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Olive all'Ascolana are large, tender olives which can be savoured stuffed and fried or ‘al naturale’ in brine.

 

Maccheroncini di Campofilone worked according to the traditional recipe using hard grain semolina and double the quantity of eggs used in normal dough. Combination with ragù is particularly advisable, but this pasta also combines well with fish sauces. 

Formaggio di fossa is a typical, soft central Italian cheese arranged in cloth sacks and placed in tufa pits closed with wooden and chalk lids. When the pits are opened in November the caciotta is profoundly transformed. Of an almost golden colour similar to amber, the cheese has an intense aroma with hints of sulphur and truffle which render it unmistakeable.

Tartufo bianco, (white truffle) considered the most precious and refined truffle, is found in the zone of Sant'Angelo in Vado, Sant'Agata Feltria and Acqualagna from October to December.

Tartufo nero pregiato (Black Truffle) is present from December to February in Acqualagna, Acquasanta Terme, Roccafluvione, Comunanza, Montefortino, Camerino and Visso. 

Salame di Fabriano A salami created with cuts of lean pork into which cubed lardon is inserted. The pulp is then seasoned with salt and black pepper and packed into pork entrails.

Ciauscolo: lard is minced and mixed with meat to form a pulp which is homogenous and easily spread on bread. White wine, garlic and pepper are added to the pulp, at which point the mixture is packed into pork entrails.

Salsiccia matta In the home cooking tradition this was the last sausage prepared which contained all of the left over meat cuts which had not been used in previous preparations; the most bloody cuts of meat, pieces of the lungs and kidneys, the intestines, the liver and the tongue. The resulting pulp was then seasoned with salt, pepper, garlic and spices.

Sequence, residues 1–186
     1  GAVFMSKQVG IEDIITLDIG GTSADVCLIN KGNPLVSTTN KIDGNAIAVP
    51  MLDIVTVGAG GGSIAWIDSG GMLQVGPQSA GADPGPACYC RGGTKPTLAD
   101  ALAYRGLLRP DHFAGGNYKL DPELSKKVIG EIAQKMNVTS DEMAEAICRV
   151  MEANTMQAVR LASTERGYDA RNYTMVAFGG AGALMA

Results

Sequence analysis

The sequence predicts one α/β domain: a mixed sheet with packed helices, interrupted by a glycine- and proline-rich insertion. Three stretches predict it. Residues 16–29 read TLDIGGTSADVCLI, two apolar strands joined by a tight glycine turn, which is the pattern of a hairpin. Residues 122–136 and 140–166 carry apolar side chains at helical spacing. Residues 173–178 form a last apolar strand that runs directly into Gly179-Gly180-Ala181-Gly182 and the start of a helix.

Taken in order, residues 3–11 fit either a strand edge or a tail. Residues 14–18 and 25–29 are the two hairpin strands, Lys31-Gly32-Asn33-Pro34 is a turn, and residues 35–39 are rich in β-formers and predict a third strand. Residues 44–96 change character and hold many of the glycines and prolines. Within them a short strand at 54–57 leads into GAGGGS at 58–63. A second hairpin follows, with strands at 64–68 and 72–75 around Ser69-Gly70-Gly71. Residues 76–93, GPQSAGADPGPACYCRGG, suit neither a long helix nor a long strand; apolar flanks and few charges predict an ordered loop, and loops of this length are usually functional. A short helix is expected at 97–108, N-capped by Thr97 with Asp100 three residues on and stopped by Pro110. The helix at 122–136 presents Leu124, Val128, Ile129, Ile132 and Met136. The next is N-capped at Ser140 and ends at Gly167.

Prosciutto di Carpegna (protected denomination of origin). Its production has been limited to the municipality of Carpegna since 1996.

Mistrà and Anisetta, distilled on a basis of aniseed found only in the Sybilline Mountains. Mistrà, a strong, dry drink diffuse in the surrounds of Macerata and Ascoli Piceno, is preferred pure in order to savour its aromas or added to coffee and Anisetta, sweeter and more saccharine, is excellent in desserts. Some drink it ‘con la mosca’; 3 or 4 toasted coffee beans drowned in the liqueur.

Vino cotto is formed by boiling grape juice to produce a sweeter, stronger product, and Vino di visciola is common in the areas around Jesi and Pesaro. ‘Visciola’, or sour cherry, is a type of wild cherry which farmers simply macerate in local red wine to obtain a perfumed and refreshing nectar. The final result is a strong, sweet, intensely aromatic drink which is ideally savoured at the end of meals. It is also worth trying with chocolate.

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